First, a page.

The Canadian Wheat Board exported a higher-than-average 507,000 tonnes of wheat and durum through Manitoba s northern port of Churchill in 2011.
Sixteen ocean vessels loaded wheat or durum this year, bound for Europe, Africa or Latin America, but this year s tonnage was smaller than last year s 600,000 tonnes.
The wheat board is by far the biggest exporter at the port, and says it saves money for farmers compared with shipping through the Great Lakes and St. Lawrence Seaway.
Ottawa s move to end the board s monopoly in August 2012 jeopardizes the port s future, said chair Allen Oberg.
The economi c equat ion changes if the CWB winds down and grain companies start exporting Prairie wheat, said Oberg. Their business models are less focused on transportation costs which they can simply pass on to farmers and more focused on maximizing grain flow through their own port facilities.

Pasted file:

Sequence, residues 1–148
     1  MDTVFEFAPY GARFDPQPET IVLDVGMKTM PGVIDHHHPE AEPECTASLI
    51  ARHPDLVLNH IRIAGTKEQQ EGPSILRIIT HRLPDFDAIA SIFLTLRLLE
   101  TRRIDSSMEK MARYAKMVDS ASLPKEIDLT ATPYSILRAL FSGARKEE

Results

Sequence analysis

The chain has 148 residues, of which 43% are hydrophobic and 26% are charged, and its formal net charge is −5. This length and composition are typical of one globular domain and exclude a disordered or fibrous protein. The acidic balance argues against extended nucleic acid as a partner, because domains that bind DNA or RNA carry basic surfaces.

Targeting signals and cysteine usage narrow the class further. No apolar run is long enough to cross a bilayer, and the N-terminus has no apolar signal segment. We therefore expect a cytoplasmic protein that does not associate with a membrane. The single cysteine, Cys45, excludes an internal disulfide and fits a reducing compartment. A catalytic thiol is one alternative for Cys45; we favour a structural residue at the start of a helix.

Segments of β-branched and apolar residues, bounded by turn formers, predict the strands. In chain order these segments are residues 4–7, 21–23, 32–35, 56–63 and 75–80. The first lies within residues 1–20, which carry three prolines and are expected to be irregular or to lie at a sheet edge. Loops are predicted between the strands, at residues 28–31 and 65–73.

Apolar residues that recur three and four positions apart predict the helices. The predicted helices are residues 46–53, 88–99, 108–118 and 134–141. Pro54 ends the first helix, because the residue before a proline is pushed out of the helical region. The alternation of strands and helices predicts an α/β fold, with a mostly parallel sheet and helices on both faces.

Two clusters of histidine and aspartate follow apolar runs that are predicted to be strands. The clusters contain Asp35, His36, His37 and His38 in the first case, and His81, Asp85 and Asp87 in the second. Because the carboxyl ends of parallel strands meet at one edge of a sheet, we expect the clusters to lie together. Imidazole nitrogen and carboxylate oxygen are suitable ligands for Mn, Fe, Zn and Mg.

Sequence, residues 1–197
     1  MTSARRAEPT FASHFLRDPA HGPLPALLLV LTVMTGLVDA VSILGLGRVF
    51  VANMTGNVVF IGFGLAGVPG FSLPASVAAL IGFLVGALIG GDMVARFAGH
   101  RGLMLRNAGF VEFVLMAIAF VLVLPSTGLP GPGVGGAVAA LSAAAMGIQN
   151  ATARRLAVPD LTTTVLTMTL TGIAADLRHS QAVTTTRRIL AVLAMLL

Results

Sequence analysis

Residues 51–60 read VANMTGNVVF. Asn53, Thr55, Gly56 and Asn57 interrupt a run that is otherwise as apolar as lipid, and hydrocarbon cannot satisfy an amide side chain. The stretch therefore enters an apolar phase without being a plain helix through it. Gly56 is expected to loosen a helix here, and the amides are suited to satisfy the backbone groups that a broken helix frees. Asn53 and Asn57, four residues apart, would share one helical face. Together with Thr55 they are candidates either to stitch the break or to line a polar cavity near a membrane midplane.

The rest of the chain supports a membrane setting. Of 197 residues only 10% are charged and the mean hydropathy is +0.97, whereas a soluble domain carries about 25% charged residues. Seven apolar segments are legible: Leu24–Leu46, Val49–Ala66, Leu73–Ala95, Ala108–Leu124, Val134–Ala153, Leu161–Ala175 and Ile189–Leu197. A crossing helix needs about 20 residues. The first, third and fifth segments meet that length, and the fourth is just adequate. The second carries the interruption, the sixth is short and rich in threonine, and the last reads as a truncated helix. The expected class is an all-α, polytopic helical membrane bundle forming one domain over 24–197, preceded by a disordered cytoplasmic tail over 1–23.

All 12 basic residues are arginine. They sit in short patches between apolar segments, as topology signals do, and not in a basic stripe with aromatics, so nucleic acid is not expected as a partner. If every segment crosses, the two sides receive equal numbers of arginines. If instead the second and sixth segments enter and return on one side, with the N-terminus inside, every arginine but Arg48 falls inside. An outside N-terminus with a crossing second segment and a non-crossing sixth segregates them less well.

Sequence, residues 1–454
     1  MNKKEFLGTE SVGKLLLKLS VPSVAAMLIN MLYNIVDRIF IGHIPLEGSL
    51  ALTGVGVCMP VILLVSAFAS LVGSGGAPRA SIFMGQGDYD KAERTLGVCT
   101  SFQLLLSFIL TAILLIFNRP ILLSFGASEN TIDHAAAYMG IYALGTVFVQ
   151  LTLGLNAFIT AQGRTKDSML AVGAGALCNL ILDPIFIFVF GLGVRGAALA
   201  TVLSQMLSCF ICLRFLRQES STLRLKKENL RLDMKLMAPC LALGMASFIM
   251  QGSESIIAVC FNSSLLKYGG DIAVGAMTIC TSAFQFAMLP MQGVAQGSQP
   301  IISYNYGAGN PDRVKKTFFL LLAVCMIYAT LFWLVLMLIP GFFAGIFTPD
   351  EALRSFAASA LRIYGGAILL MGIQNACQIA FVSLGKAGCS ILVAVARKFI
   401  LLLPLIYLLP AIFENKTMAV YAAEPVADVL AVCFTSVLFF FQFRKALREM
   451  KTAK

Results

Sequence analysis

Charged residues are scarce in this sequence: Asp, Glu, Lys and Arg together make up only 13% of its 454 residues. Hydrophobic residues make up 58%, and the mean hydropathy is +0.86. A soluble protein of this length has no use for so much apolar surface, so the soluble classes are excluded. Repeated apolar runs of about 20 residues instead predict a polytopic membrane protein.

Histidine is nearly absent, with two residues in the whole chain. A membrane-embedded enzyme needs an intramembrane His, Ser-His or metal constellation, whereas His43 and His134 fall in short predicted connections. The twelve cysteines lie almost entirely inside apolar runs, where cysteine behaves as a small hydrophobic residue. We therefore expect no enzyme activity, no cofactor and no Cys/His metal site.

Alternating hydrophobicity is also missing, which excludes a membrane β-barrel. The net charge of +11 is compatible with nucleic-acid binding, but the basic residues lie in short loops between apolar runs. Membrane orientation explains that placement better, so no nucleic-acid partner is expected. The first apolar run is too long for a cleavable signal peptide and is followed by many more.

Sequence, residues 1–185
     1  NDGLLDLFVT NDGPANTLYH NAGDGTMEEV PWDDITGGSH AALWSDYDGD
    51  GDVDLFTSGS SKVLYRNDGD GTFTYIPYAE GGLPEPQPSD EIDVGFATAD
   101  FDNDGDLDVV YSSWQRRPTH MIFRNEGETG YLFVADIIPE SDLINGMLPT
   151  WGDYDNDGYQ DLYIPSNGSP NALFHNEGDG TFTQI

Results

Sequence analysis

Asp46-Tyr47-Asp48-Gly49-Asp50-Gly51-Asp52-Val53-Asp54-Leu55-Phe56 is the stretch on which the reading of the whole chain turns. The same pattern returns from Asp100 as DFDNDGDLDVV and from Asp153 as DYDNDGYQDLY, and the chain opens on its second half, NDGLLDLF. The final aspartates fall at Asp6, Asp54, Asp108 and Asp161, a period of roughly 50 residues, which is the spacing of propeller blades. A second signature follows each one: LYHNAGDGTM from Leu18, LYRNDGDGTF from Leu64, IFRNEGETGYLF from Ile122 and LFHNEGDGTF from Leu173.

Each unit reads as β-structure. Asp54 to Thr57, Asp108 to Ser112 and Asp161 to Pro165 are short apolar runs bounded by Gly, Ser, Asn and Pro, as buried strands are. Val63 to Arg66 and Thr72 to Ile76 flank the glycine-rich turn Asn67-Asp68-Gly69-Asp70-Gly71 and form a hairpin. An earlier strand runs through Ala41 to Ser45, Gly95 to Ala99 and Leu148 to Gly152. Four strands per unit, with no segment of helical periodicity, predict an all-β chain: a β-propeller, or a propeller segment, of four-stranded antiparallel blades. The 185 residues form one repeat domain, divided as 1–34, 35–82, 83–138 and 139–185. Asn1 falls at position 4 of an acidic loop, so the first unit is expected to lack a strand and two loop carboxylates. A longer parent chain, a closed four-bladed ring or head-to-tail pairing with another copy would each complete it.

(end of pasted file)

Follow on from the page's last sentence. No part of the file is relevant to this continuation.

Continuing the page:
The government has promised an economic incentive of up to $5 million per year for five years to support crop shipments through Churchill, but has not yet provided details.
Churchill, Canada s only Arctic seaport, is open during a limited ice-free period from around the end of July to early November.